Sophie McBain is a freelance writer based in Cairo. She was previously an assistant editor at the New Statesman.

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Emmanuel Macron's "moralisation of politics" comes at a heavy price for his allies

"Fake" jobs in French politics, season 3 episode 1.

Something is rotten in the state of France. No political party – at least none that existed before 2016 – seems immune to the spread of investigations into “fake” or shady parliamentary jobs. The accusations sank centre-right candidate François Fillon’s presidential campaign, and led to Marine Le Pen losing her parliamentary immunity in the European parliament (and proxy wars within her party, the National Front). Both deny the allegations. Now the investigations have made their way to the French government, led by Edouard Philippe, Emmanuel Macron’s Prime Minister.

On Wednesday morning, justice minister François Bayrou and secretary of state for European affairs Marielle de Sarnez announced their resignation from Philippe’s cabinet. They followed defence minister Sylvie Goulard’s resignation the previous day. The three politicians belonged not to Macron's party, En Marche!, but the centrist MoDem party. Bayrou, the leader, had thrown his weight behind Macron after dropping his own presidential bid in April.

The disappearance of three ministers leaves Emmanuel Macron’s cross-party government, which includes politicians from centre left and centre right parties, without a centrist helm. (Bayrou, who has run several times for the French presidency and lost, is the original “neither left nor right” politician – just with a less disruptive attitude, and a lot less luck). “I have decided not to be part of the next government,” he told the AFP.

Rumours had been spreading for weeks. Bayrou, who was last part of a French government as education minister from 1993 to 1997, had been under pressure since 9 June, when he was included in a preliminary investigation into “embezzlement”. The case revolves around whether the parliamentary assistants of MoDem's MEPs, paid for by the European Parliament, were actually working full or part-time for the party. The other two MoDem ministers who resigned, along with Bayrou, also have assistants under investigation.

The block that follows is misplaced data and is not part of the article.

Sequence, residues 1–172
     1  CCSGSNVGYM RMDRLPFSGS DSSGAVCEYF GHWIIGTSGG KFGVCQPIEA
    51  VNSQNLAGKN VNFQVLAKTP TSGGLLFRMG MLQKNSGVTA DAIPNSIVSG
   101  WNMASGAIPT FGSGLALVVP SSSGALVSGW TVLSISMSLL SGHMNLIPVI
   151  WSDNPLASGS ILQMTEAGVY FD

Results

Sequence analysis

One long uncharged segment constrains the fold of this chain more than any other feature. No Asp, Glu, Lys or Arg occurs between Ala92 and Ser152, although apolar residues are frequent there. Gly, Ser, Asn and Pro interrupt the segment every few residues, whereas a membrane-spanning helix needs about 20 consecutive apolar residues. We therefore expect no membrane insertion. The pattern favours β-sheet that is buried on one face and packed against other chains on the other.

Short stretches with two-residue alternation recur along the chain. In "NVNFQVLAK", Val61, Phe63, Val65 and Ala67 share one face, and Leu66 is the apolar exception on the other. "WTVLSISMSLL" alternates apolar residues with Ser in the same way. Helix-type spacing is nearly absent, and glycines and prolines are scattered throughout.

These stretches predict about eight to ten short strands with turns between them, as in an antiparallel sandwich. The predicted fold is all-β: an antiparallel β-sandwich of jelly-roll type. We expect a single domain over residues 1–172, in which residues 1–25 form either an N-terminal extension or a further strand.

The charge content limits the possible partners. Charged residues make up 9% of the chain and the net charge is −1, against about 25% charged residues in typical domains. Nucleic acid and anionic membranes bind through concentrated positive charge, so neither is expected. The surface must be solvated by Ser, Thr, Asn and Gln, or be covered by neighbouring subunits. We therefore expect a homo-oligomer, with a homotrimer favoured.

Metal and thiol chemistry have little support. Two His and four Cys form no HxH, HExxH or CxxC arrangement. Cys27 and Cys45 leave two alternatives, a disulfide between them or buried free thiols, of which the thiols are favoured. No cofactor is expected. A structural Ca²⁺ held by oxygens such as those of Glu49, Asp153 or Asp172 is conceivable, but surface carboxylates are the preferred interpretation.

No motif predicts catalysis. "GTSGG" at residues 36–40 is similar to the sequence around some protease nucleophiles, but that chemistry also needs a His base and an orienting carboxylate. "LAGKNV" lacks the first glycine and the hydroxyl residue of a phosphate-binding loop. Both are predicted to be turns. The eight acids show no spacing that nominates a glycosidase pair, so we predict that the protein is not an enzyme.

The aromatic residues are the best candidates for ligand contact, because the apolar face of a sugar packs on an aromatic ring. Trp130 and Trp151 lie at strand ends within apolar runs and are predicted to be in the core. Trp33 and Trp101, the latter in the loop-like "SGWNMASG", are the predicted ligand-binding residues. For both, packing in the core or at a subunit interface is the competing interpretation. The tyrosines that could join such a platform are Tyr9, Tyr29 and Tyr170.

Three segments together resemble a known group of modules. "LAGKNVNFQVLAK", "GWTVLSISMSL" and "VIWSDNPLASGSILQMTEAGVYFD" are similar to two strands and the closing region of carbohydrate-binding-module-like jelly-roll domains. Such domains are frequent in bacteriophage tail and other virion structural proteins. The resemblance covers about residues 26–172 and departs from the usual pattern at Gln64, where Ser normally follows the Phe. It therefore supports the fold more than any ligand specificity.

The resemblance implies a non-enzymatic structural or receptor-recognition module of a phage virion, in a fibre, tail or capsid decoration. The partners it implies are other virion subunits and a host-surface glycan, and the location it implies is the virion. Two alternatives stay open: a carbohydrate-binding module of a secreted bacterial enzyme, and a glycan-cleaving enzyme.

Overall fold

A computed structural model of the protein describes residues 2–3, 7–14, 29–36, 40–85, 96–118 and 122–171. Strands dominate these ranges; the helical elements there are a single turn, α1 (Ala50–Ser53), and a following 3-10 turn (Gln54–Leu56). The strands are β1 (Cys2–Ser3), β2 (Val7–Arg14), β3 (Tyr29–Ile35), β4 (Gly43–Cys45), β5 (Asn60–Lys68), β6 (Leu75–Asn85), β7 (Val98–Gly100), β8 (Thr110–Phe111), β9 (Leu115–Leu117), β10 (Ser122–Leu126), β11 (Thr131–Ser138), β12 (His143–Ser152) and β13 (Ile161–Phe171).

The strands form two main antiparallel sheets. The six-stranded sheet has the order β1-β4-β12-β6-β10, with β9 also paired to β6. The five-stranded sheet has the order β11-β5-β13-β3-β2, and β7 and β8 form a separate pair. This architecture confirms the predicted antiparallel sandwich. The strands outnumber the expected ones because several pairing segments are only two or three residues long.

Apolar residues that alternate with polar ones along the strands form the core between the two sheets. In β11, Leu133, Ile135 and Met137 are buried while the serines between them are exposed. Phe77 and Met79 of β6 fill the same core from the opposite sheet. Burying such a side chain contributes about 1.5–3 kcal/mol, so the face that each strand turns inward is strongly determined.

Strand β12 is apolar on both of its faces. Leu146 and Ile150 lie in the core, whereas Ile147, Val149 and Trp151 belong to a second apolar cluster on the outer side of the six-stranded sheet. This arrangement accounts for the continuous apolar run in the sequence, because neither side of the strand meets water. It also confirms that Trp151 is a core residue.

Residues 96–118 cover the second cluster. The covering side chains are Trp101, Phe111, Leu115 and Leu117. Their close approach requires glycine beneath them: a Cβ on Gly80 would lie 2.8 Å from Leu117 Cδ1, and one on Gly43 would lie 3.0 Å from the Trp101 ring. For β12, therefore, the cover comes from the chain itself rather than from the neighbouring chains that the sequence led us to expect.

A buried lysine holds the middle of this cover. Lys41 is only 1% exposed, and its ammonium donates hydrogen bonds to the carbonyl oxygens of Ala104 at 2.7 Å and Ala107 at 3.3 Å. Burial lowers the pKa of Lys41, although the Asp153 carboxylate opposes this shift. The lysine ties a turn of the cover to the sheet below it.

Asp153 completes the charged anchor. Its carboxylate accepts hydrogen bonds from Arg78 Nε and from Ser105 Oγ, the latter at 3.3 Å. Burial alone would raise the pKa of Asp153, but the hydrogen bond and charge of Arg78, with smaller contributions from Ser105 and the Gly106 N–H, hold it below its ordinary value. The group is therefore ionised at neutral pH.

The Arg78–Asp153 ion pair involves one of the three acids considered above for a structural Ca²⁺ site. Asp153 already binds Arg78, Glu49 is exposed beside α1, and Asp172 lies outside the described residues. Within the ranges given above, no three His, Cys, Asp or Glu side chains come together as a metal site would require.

Bayrou has denied the allegations. He has declared that there “never was” any case of “fake” jobs within his party and that it would be “easy to prove”. All the same, by the time he resigned, his position as justice minister has become untenable, not least because he was tasked by Macron with developing key legislation on the “moralisation of politics”, one of the new President’s campaign pledges. On 1 June, Bayrou unveiled the new law, which plans a 10-year ban from public life for any politician convicted of a crime or offence regarding honesty and transparency in their work.

Bayrou described his decision to resign as a sacrifice. “My name was never pronounced, but I was the target to hit to attack the government’s credibility,” he said, declaring he would rather “protect this law” by stepping down. The other two ministers also refuted the allegations, and gave similar reasons for resigning. 

Macron’s movement-turned-unstoppable-machine, En Marche!, remains untainted from accusations of the sort. Their 350 new MPs are younger, more diverse than is usual in France – but they are newcomers in politics. Which is exactly why Macron had sought an alliance with experienced Bayrou in the first place.